Problem Animals

A bit of a nuisance

Insisting on perfect safety is for people who don’t have the balls to live in the real world.
Mary Shafer, NASA Ames Dryden

No dangerous animals live here, but some can be a bit of a nuisance

Grasshoppers are harmless, but will steal your tea… ☺
Grasshoppers are harmless, but will steal your tea…

Below: No Snakes • Centipedes • Scorpions • Spiders • Mosquitoes • Buzzy Things • Other bugs • Gallery • Larger nuisances • Read More

St Helena has only a few mildly problematic animals, most of which you are fairly unlikely to encounter, but just in case and so you are prepared…

Images of the animals described appear in the Gallery (below).

No Snakes

There are no snakes on St Helena, venomous or otherwise. Exactly why is not clear{1}. Geckos (locally known as a ‘lizard’) made it to the island, as did amphibians (though some of the frogs might have been introduced), but snakes never arrived here. Unsurprisingly, nobody ever tried to introduce them. It might be argued that introducing non-venemous snakes might help control our rats and mice, but as they might also take to predating Wirebirds such a proposal is very unlikely to gain acceptance. Basil Read brought in massive amounts of sand from Namibia for building the airport and fear was expressed that snakes might evade bio-security, but nothing has been reported (apart from the Moncat!)

Centipedes

In the drier parts of the island (mostly Jamestown and Half Tree Hollow) you may encounter !! a largish (up to 10cm) centipede, scolopendra morsitans, dark brown with reddish highlights at the head and tail. These have a very painful bite and are best avoided. They can be killed with Crawling Insect Spray, available in shops. Check sinks, baths and shower trays - they fall in when hunting and can’t get back out. Like scorpions they also sometimes hide in shoes{2}. There are no records of fatalities or serious illnesses from encounters with these.

Scorpions

Also in the drier parts of the island, but more rare, is a !! small brown scorpion isometrus maculatus. These can sting, which is painful and could cause a problem for smaller children and sensitised adults. They hunt at night so are rarely seen but may be disturbed hiding in a cool place. Like centipedes they also sometimes hide in shoes{2}. There are no records of fatalities or serious illnesses from encounters with these.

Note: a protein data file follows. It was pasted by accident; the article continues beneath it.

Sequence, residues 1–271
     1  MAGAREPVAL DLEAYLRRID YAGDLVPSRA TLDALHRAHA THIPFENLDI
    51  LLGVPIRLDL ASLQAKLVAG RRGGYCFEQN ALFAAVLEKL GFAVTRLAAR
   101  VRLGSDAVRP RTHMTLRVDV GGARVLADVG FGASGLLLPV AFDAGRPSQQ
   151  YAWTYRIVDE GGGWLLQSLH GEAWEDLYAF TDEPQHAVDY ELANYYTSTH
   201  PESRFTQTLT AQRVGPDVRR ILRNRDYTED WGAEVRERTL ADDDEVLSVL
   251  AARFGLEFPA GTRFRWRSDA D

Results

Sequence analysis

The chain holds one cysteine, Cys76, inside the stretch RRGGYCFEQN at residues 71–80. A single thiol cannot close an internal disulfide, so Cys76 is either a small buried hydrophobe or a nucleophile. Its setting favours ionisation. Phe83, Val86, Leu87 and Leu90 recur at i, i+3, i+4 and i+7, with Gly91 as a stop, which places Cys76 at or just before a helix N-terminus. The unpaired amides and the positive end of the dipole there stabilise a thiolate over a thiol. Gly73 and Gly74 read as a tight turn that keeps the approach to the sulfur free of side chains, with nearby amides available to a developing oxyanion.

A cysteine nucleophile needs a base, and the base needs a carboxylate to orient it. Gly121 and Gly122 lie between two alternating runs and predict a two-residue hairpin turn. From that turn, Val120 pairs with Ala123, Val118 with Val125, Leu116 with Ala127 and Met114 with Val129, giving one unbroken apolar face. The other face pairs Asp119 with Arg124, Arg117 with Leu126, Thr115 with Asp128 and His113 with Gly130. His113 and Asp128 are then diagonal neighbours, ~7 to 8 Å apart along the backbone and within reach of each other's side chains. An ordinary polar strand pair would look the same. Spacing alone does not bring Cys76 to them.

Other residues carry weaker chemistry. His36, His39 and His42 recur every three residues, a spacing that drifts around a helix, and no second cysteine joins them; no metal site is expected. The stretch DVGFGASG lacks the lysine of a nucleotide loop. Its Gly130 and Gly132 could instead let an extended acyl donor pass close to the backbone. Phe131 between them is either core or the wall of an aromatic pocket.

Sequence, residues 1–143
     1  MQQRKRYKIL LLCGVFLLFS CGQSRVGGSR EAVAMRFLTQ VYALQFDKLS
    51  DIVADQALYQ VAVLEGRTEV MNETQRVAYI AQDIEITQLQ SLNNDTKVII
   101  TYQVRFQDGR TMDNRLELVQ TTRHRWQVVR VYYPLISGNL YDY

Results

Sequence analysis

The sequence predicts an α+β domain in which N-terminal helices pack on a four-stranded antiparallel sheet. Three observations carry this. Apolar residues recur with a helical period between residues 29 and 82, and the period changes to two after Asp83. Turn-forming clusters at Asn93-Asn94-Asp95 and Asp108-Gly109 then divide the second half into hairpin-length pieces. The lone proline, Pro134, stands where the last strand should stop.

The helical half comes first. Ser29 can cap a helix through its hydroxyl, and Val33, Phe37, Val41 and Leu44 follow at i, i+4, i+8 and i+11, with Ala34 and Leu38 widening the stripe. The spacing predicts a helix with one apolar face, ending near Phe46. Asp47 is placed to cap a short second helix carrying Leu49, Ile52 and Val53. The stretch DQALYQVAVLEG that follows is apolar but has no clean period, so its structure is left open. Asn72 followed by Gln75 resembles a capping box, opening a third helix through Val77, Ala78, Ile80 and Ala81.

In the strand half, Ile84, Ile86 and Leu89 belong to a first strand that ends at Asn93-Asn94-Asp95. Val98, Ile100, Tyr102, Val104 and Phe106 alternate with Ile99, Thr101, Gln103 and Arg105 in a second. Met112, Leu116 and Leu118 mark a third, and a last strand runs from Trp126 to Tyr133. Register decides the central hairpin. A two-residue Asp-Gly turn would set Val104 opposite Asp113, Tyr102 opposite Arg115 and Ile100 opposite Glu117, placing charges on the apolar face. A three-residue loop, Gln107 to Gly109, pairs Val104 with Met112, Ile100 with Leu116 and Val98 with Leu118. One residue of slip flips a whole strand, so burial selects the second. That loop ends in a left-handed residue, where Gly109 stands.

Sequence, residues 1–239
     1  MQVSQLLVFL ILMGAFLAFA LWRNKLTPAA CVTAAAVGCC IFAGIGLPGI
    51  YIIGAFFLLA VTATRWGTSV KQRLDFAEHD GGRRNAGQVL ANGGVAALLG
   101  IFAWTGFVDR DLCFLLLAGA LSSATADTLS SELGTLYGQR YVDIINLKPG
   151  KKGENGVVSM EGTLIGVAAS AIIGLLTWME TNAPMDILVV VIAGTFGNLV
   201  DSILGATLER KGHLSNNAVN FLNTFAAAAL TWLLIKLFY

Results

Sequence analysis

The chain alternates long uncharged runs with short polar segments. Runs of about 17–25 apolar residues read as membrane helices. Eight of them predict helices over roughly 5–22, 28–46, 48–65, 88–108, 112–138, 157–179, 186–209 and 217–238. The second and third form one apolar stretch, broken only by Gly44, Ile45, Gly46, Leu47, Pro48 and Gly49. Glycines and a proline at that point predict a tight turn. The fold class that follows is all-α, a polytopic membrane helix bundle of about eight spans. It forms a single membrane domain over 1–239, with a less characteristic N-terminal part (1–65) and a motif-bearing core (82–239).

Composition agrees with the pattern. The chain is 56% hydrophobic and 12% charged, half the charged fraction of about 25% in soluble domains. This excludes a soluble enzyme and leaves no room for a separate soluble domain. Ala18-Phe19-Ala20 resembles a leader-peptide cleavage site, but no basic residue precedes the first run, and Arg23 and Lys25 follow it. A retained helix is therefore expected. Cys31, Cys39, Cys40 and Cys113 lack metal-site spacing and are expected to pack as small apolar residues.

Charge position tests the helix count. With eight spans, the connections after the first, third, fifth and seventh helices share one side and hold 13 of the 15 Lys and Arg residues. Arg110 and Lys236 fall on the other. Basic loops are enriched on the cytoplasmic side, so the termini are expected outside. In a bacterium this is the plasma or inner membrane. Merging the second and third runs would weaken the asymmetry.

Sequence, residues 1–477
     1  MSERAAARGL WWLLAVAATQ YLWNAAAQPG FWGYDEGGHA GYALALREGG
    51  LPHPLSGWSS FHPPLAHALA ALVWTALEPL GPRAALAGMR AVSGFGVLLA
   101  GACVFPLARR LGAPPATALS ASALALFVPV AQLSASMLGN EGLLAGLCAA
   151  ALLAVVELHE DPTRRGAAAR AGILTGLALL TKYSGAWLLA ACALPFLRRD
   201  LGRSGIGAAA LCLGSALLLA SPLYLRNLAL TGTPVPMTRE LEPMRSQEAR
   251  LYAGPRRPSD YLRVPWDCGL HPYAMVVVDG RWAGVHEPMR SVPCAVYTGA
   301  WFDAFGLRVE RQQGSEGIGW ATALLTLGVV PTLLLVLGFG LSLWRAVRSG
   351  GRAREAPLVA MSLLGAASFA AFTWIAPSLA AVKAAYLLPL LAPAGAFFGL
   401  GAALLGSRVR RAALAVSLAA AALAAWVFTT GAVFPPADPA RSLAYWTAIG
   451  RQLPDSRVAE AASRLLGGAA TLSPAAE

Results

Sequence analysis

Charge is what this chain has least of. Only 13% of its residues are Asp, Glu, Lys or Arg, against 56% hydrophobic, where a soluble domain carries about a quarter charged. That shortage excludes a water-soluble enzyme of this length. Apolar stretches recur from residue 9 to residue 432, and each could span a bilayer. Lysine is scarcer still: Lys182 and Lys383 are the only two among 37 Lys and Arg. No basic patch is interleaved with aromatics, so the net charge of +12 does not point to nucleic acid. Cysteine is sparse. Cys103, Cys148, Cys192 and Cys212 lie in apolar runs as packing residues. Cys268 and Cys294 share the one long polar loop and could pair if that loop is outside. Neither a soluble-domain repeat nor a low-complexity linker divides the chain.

Spiders

St Helena has many species of spider, which in some cases look a lot more threatening than they actually are and some of which are quite beautiful (the Orb Web spider argiope trifasciata, for example). Most are completely harmless, though a few can bite with only mild pain. The only exception is the !! Brown Widow Spider, latrodectus geometricus, which is found on Prosperous Bay Plain and perhaps elsewhere, but as far as we are aware only entomologists have ever encountered one. They too can bite and could cause a problem for smaller children and sensitised adults (if you can find one). There are no records of fatalities or serious illnesses from encounters with these.

There is a non-dangerous species of funnel-web spider, which can grow to 5cm. You may find them on the outside of houses across the island.

In 2003 it was reported that the much more worrying Black Widow Spider, latrodectus tredecimguttatus, had been found on the island, but this turned out to be a mistake. It is erroneously listed in ‘St Helena and Ascension: a Natural History’{3} by Philip and Myrtle Ashmole.

We have lots of interesting endemic spiders - all completely harmless (unless you’re a fly!)

Mosquitoes

Mosquitoes are a nuisance here as they are in most tropical and sub-tropical countries. The good news is that ours (culex quinquefasciatus) do not carry malaria, so while the bites are a nuisance and the whine of a hunting mosquito can disturb you{4} they are an irritation rather than a problem. Mosquito nets are not widely available but the shops sell mosquito coils which burn for 10-12 hours, room sprays and ‘peaceful sleep’ tablets (for which you also need an electric burner). Mosquitoes are not a problem in the winter except in Jamestown and Half Tree Hollow.

11th June 1734: The water stored in tubs in Chapel Valley is declared to be the breeding ground for swarms of mosquitoes which invade every house.

There is also a fly, empicoris rubromaculatus which looks like a mosquito, though slightly larger. This does not bite. Looking like a mosquito is not, in our opinion, a survival trait…

Buzzy Things

Bees can, of course, sting if bothered. Very few people suffer an allergic reaction requiring a hospital visit. Bees occasionally get trapped in houses. Please do not kill stray bees! They can be shooed out gently with a newspaper.